1. Owens, Darrell PhD, RN, CHPN

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Starting an Interdisciplinary Palliative Care Team

Q: The hospital I work for has a small 15-bed palliative care unit and is considering starting an interdisciplinary team to visit other units in the hospital with the hope of identifying patients who could be better served by a palliative approach versus the standard medical/surgical approach. Any tips or suggestions as we look toward starting a team? -Forward-Looking RN


A: Congratulations on taking the first step toward improving care and services for people at the end of life in your institution. Based on your question, it sounds like you are considering the development of a Palliative Care Consult Team. A consult team allows patients and staff members to benefit from palliative care services and support wherever they are within an institution. Assuming this is the approach you are considering, there are several major issues to be addressed before any attempt to implement your plan.


First and foremost, you must have a thorough understanding of your institution's philosophy of end-of-life care. Second, you must know and understand your institution's business culture (eg, what services is it best known for, what does it market to the public). Although these questions may seem trivial, knowing the answers can be critical to the successful implementation of a palliative care service. Does your institution aggressively market oncology, cardiac, or obstetric services? Does it advertise and promote a "cure" culture? If the answer to these questions is yes, the institution may not want to directly support (or market) a palliative care program, because it can be seen as a direct contradiction to its public image of health and cure.


To find an answer to these questions, you should examine the institution's current commitment to end-of-life care. Does it offer support or continuing education for physicians and staff related to palliative care? Does it currently have an inpatient hospice or palliative care unit? Is there a spiritual care department? What type of support is offered to families whose loved ones die in the inpatient setting (eg, bereavement groups)? In your case, there is an existing palliative care unit. The presence of the unit reflects the institution's recognition that end-of-life patients have special needs.


Another important cultural consideration is the physician's role in your institution. Are you part of an academic medical institution, and, if so, what postgraduate residency programs are in place? What is the role of the attending physician (eg, salaried faculty, private practice, or both)? If your institution is a private facility (profit or not-for-profit), is there a hospitalists program, do attending physicians follow their own patients, or both? The answers to these questions are important if you are to gain the support you need from attending physicians. Educating and working with your medical staff will help to avoid issues of "turf" and increase your chances of physician buy-in.


Once you have addressed the previous issues, you can begin to explore exactly what type of consultation services you hope to provide. The answer to this question will help you to identify the composition of your interdisciplinary team. Again, there are several significant issues for consideration. Will your consultation team include a physician or nurse practitioner? If so, will he or she bill for services? If the answer is yes, you will need to take additional steps to identify how the billing process will work. I strongly suggest that you gain access to someone knowledgeable in Medicare Part B billing.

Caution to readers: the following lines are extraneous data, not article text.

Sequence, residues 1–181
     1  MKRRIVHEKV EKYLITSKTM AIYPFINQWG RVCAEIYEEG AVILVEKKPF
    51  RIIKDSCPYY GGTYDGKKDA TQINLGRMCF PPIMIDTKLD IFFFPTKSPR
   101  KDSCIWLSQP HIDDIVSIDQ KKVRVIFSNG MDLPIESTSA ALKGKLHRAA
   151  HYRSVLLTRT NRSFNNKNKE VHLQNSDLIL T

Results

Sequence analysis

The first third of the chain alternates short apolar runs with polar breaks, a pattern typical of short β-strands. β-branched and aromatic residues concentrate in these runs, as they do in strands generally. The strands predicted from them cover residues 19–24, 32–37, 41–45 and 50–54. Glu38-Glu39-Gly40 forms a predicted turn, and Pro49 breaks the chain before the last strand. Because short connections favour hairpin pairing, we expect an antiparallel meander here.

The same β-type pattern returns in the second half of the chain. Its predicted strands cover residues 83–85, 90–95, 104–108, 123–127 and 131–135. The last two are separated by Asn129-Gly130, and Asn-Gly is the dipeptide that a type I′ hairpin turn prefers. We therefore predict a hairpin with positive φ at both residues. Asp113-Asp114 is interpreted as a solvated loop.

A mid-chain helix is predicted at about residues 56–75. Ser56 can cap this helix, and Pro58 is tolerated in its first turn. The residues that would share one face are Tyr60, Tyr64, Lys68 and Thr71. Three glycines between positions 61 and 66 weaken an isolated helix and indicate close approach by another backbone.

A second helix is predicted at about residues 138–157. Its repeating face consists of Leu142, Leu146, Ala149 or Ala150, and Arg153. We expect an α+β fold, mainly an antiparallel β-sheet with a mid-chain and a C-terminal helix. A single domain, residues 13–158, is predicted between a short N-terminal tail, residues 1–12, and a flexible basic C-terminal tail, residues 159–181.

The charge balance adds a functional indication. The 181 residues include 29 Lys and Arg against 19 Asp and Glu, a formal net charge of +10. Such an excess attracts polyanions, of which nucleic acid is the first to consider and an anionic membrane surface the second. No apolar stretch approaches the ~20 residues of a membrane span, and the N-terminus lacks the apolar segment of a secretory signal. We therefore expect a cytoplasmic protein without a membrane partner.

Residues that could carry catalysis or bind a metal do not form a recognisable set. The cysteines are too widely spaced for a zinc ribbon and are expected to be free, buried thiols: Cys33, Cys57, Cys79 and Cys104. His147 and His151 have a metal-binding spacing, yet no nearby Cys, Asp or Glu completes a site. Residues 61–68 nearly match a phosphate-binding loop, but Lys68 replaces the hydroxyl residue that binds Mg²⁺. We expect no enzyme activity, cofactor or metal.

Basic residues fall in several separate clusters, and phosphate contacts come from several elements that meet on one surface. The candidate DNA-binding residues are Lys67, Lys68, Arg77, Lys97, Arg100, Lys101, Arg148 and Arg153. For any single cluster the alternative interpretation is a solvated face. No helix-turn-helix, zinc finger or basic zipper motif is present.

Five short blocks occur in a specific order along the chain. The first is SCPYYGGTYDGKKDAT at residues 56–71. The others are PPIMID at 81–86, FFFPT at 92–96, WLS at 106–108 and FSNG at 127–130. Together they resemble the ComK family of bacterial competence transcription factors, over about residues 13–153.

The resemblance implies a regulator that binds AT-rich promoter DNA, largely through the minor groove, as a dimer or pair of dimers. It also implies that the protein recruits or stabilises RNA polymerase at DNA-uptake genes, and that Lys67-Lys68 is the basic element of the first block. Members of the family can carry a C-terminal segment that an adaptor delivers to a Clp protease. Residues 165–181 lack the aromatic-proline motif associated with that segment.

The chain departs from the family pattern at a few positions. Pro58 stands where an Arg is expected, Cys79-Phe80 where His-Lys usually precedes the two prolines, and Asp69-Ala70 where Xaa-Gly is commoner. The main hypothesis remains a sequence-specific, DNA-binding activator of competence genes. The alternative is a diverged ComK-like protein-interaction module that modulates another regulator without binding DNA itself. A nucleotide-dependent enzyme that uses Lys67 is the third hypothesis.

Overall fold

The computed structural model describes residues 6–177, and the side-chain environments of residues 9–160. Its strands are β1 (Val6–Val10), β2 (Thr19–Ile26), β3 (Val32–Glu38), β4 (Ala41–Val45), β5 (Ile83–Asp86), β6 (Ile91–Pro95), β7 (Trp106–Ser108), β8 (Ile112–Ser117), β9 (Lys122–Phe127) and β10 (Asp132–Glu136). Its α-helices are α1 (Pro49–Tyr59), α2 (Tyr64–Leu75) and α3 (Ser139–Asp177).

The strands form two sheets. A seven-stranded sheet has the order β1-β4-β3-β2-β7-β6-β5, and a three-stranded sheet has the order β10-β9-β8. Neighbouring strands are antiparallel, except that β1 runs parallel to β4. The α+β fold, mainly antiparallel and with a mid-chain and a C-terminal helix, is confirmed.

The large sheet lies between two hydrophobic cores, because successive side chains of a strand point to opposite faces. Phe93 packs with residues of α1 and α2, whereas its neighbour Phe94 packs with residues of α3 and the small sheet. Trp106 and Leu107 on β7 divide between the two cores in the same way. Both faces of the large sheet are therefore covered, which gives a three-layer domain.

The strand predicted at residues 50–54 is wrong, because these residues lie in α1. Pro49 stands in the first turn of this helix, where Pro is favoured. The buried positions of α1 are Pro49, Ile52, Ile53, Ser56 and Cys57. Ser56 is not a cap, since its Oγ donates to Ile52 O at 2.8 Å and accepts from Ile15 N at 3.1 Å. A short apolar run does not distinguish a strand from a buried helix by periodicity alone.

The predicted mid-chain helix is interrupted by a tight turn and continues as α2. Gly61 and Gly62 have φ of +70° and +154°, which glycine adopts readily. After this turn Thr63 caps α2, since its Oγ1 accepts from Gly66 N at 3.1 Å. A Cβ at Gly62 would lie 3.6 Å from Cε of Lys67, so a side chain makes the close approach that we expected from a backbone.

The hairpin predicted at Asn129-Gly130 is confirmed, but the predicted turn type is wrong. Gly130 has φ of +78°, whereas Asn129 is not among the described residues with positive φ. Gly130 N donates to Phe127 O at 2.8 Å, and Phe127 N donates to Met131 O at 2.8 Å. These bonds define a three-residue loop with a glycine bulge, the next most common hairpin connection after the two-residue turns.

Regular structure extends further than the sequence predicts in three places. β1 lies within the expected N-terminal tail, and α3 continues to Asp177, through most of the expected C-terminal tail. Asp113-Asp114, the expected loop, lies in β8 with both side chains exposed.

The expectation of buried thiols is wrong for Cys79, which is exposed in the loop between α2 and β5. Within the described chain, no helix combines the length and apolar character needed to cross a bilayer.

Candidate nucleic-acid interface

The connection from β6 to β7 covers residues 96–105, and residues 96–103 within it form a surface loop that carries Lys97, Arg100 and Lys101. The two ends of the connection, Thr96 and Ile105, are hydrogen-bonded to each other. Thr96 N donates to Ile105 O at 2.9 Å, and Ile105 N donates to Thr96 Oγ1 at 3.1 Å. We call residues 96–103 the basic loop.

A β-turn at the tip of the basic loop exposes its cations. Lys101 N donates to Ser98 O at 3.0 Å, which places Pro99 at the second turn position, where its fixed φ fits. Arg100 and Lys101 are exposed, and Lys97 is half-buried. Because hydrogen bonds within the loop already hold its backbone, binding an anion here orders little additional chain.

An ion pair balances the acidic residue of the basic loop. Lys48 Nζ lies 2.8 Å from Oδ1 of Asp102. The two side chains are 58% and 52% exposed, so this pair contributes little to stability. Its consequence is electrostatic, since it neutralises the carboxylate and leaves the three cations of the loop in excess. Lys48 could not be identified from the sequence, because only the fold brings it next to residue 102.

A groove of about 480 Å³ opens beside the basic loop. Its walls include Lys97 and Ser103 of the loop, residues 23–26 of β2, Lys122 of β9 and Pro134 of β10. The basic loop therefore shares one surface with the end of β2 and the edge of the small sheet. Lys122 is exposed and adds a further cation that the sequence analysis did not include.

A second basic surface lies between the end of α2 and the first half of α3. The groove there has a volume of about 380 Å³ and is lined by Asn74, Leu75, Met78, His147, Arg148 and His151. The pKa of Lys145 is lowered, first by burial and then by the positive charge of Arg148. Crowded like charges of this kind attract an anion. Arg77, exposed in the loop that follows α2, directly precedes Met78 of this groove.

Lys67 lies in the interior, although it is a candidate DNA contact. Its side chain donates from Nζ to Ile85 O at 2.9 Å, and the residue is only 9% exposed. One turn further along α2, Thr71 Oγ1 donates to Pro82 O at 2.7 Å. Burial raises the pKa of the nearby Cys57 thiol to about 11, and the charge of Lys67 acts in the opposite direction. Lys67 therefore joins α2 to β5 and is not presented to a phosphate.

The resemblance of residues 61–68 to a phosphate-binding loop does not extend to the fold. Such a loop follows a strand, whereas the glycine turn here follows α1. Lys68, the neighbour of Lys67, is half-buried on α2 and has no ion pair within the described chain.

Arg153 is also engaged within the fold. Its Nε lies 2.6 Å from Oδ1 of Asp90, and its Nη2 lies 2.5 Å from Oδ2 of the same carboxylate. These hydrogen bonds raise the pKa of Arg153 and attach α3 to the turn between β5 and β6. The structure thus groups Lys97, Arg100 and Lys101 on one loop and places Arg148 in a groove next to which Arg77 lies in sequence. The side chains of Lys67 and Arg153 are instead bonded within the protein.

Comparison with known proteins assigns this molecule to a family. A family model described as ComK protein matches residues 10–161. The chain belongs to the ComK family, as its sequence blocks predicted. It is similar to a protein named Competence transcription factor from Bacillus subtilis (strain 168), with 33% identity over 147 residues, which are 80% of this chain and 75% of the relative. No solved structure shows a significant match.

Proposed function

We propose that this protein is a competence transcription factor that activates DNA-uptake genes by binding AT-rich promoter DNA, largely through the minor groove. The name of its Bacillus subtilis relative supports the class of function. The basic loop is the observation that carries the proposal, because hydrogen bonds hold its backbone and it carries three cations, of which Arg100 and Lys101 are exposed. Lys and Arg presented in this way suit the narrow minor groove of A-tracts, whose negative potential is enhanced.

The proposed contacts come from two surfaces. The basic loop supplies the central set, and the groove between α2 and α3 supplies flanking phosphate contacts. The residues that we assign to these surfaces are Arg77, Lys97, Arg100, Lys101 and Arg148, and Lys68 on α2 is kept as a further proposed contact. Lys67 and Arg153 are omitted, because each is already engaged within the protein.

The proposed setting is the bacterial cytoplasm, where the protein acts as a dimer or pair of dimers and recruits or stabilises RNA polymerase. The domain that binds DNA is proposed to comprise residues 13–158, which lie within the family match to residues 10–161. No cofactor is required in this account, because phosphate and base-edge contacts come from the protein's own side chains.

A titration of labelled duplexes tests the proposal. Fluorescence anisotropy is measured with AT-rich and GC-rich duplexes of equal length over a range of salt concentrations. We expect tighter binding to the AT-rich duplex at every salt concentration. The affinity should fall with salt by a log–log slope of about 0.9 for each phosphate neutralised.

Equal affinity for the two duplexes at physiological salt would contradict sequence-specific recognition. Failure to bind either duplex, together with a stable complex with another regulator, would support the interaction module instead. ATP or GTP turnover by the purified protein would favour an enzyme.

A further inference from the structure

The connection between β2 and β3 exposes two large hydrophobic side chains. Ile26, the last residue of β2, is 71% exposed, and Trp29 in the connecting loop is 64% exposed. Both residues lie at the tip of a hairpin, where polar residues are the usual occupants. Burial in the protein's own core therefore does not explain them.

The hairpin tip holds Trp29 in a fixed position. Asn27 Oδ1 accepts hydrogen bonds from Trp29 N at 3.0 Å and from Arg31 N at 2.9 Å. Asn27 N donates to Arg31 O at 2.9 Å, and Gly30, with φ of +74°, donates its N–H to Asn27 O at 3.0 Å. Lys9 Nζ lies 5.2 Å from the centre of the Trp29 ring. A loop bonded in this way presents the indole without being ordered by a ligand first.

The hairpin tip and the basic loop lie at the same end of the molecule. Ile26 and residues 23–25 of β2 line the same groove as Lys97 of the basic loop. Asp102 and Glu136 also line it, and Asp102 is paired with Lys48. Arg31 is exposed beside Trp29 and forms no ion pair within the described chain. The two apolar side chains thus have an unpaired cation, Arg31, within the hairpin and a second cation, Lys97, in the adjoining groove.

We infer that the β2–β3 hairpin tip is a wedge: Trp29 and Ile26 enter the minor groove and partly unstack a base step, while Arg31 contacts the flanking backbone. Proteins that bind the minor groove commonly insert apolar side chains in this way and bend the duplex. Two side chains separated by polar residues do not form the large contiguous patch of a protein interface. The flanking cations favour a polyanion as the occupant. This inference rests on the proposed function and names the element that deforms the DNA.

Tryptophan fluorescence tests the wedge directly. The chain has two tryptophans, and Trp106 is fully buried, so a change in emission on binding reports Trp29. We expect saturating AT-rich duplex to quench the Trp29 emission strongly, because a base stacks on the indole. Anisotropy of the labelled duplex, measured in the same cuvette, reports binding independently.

Some programs use clinical nurse specialists or certified hospice and palliative care nurses as primary consultants. In this model, the services are not billable and, therefore, require funding support from the institution. A true palliative care team is interdisciplinary and should have access to spiritual and social work support. In most areas, these services are also not billable; however, in certain situations, counseling services provided by a licensed medical social worker are reimbursable. Because your institution currently has a palliative care unit, depending on staffing issues, you might have the opportunity to reallocate some of your current staff's time to the new service.


Now that you have explored your institution's culture surrounding end-of-life care and determined the composition of your team, you must determine what type of services you will provide, how often you will provide them, and when the team is available. Once your team is assembled, you will need to determine what type and level of service you are going to provide. Will the team conduct one-time only consultations, or will you follow someone throughout his or her hospitalization? Will your service be available to people in the outpatient setting? Will you provide ongoing case management services? Finally, will the service only be available during "normal business hours," or will someone be available 24 hours a day, 7 days a week? Other details to be worked out include the referral process, which team member will do the initial consultation, how you will report back to the referring provider, and how the documentation/record keeping process will work. Last, but certainly not least, how will you market your program to physicians and staff?


The information presented here is by no means an all-inclusive or exhaustive list of "how to start a palliative care service." It is based on my experience of doing exactly what you are attempting to do. Understanding your institution's culture, the role the physician plays within your institution, and knowing who the "palliative care champions" are within your institution are the strongest tips I can give you for the successful development of your program.